Individual study: A systematic review to assess whether sheep-grazing degrades unimproved neutral grasslands managed as pasture in lowland Britain
Stewart G.B. & Pullin A.S. (2006) Does sheep-grazing degrade unimproved neutral grasslands managed as pasture in lowland Britain? Systematic Review No.15. Centre for Evidence-Based Conservation
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Maintain species-rich, semi-natural grassland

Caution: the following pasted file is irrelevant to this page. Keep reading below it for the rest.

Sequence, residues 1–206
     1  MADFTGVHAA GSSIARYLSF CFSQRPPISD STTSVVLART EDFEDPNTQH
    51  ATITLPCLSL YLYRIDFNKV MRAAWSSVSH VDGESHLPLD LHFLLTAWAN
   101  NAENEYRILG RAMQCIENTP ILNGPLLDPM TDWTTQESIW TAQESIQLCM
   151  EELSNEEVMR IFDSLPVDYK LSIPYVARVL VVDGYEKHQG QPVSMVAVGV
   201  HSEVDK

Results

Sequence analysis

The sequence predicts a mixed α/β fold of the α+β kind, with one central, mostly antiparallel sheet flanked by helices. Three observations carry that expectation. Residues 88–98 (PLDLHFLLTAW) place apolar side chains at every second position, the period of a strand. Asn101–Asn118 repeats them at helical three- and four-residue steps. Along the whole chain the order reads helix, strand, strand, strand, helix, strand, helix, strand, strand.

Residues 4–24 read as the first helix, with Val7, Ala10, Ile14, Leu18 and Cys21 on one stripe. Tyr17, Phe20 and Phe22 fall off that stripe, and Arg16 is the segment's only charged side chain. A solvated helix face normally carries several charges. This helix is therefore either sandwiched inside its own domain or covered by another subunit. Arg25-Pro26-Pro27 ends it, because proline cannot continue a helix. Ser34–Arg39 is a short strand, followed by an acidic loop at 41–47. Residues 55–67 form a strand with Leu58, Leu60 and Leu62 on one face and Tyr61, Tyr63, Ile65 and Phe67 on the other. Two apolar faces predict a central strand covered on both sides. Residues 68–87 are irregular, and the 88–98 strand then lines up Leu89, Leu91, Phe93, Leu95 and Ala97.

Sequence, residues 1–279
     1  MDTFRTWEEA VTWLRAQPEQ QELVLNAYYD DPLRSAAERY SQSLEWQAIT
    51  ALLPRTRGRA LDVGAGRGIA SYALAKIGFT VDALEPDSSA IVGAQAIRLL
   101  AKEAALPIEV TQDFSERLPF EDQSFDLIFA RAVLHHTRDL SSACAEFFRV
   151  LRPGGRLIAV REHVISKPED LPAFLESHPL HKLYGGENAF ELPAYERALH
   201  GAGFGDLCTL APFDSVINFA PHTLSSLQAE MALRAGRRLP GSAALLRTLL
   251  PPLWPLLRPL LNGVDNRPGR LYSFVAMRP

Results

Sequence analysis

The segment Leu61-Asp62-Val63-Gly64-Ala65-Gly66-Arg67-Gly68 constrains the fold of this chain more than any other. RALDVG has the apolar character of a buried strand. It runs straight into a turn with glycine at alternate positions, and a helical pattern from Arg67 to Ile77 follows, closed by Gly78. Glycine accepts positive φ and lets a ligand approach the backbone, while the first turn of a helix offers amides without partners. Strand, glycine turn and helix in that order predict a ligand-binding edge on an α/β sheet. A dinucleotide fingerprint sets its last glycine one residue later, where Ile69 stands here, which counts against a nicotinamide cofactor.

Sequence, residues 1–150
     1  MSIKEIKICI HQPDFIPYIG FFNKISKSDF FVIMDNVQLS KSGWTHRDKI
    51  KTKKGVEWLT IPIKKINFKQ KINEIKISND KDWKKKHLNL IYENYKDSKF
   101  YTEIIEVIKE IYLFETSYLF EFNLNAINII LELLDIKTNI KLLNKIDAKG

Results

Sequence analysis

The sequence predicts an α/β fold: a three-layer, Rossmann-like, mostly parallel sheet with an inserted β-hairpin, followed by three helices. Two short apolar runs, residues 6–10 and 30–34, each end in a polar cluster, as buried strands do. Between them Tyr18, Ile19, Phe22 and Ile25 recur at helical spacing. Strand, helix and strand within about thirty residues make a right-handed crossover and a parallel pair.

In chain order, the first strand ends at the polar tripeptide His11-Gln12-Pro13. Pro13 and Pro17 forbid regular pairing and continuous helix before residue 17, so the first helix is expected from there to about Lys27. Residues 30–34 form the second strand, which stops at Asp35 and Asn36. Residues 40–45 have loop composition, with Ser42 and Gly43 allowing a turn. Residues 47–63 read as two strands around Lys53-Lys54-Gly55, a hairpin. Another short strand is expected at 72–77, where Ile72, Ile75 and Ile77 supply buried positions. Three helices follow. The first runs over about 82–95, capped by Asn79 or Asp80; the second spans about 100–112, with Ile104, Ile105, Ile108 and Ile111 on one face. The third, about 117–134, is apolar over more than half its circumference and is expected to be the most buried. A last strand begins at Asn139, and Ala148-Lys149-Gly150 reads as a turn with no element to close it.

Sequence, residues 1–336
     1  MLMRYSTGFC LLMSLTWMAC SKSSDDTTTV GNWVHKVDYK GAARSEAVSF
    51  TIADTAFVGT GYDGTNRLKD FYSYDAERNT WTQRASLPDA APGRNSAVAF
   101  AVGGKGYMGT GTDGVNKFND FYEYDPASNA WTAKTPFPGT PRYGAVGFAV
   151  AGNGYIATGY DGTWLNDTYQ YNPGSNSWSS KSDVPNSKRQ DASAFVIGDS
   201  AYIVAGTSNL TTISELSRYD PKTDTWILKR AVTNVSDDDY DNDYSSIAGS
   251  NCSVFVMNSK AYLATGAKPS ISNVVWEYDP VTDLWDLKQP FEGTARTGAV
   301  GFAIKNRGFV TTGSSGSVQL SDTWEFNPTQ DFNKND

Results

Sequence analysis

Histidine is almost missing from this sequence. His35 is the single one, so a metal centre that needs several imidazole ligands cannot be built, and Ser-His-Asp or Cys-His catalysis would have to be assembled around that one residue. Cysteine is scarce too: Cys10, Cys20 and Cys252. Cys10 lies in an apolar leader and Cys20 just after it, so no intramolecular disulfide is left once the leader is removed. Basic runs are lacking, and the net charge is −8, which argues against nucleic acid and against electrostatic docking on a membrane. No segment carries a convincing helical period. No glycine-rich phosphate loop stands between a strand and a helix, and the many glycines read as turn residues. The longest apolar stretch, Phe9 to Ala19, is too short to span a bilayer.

A 2006 systematic review (Stewart & Pullin 2006) of the impacts of grazing management on one type of species-rich old meadow in the UK found that intermediate grazing intensities were generally most appropriate for plant conservation. Choice of stock type (sheep, cattle or horses) appeared less critical than intensity but there is some evidence that sheep grazing can result in lower diversity of herbaceous plants than cattle grazing at high stocking rates. Two studies showed that sheep grazing led to lower plant diversity and herbaceous plant cover than cattle grazing on old or restored pastures (one study for each type). Data from Welsh grasslands showed that with sheep grazing, a lower grazing intensity (grass height >10 cm) was needed to maximize the abundance and number of species of herbaceous plants than for horse or cattle grazed sites. There was little information regarding taxa other than higher plants. The review searched for studies from the UK or Ireland comparing the effects of sheep grazing with horse, cattle or no grazing, on pastures characterized by crested dog’s-tail Cynosurus cristatus and black knapweed Centaurea nigra, known as MG5 under the UK National Vegetation Classification. Studies on similar grassland types in northwest Europe were also considered. Forty-two studies were found, of which 22 were reviews.